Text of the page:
Living with a Rare Liver Disease: Maxine's Story
Stories@Gilead - October 29, 2020 - 4 min read
Maxine was first diagnosed with primary sclerosing cholangitis (PSC), a rare and complex liver disease, when she was only 17 years old. For a year prior, she’d been suffering from heavy fatigue, but doctors couldn’t pinpoint exactly what was going on. When a gastroenterologist finally diagnosed her, her family was shocked.
“We knew something was wrong, but to be told that you have a rare, life-threatening disease is life-changing and completely overwhelming,” she says. “It was like being hit by a ton of bricks — not just for me, but for my family as well, because I was so young. I didn’t know anyone else my age who was living with any kind of long-term illness.”
PSC is a chronic condition that affects the bile ducts inside and outside the liver. It’s incurable, and often presents with numerous other comorbidities such as inflammatory bowel disease, Type 1 diabetes and celiac disease. PSC is also associated with a higher risk of some cancers, including colon cancer, gallbladder cancer and bile duct cancer.
Maxine’s diagnosis came just as she was preparing to go to college to study dance. She was prescribed medication, but not given much information about what to expect.
“My doctor at the time just said ‘Take your tablets, come to your appointments, and live your life like you would anyway,’” she says.
Maxine took the advice to heart.
She hid her diagnosis from her professors and only shared it with a few close friends.
“Because I didn’t want people to treat me differently, I just tried to do my best and not let it take over,” she says. “But it’s hard, especially at that age. It’s a difficult conversation to have: ‘Why aren’t you drinking?’ ‘Oh, well I’ve got liver disease.’ There’s a type of stigma that comes with that. And nobody’s heard of PSC, so it’s not an easy thing to bring up in conversation.”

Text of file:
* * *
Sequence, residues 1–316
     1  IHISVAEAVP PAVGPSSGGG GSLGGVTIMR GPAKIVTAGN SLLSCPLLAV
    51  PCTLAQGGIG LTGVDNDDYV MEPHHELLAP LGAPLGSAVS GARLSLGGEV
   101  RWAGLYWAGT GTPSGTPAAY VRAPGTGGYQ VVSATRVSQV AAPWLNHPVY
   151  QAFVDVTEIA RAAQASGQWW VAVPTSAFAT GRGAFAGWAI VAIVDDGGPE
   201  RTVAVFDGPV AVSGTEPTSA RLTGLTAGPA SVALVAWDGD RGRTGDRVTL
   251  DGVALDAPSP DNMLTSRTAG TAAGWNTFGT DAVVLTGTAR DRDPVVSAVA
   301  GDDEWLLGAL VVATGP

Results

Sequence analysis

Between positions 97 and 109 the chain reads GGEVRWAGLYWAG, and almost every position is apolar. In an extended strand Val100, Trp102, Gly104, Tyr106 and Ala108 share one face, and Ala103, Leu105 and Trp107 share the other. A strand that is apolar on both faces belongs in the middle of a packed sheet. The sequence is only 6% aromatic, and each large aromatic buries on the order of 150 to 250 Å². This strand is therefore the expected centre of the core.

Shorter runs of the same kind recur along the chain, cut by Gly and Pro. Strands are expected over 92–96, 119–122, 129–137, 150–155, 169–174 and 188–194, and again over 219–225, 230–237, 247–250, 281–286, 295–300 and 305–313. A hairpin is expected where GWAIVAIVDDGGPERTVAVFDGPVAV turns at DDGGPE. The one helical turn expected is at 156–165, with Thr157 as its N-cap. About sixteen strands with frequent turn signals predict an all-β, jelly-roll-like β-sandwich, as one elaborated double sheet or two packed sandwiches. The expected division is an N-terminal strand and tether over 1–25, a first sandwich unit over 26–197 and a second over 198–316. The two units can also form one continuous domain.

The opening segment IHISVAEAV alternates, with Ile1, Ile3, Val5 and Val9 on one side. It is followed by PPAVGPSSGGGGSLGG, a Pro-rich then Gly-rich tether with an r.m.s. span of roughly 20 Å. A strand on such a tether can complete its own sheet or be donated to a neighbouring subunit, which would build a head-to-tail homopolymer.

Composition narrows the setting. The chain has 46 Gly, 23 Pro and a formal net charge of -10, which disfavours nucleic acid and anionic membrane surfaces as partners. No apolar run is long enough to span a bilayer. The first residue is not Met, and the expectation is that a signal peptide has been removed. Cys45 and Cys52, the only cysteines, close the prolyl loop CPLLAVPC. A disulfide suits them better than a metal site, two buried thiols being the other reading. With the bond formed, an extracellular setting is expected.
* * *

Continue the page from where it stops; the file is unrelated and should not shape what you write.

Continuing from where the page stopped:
In 2013, Maxine’s health started to decline. Eventually, she was placed on the liver transplant list, and had the surgery the following year.
“I don’t know if it was the adrenaline, but I never felt better than I did in those six months post-transplant,” she says.
After the transplant, Maxine took a role with PSC Support, a patient organization that advocates for the needs of people affected by PSC in research, policy development and clinical services, as well as providing support and information to those who have been diagnosed with the disease and their families. It’s an organization she and her family turned to when she was newly diagnosed as a teenager.
Maxine says her experience makes her uniquely suited to this work.
“There are so many complex unmet needs for PSC patients even to this day,” she says. “Empowering people with knowledge is what we really try and focus on.”
This knowledge has become particularly important during the COVID-19 pandemic, as information about risk for people living with PSC is still unknown. The helpline at PSC Support has been overwhelmed with calls.
“It’s been really tough for people,” Maxine explains. “Nobody knows what or who was high risk, and what that might look like for people. The guidance that was coming out wasn’t very clear. It was just chaos at the beginning. Appointments for care were delayed and people were often scared to go into the hospital. The impact that it’s had on people with PSC has been huge.”
But as people start to adapt to the reality of living with COVID, Maxine is once again looking ahead.
“I would love in my lifetime to get to the point where a transplant is not the only — and often last — option for people living with PSC.”
In the meantime, she continues to advocate for people living with the disease.
“We need consistent care, we need accurate and clear information, and we need to make sure that people living with PSC feel supported and safe. Most of all, we need an effective treatment,” Maxine says.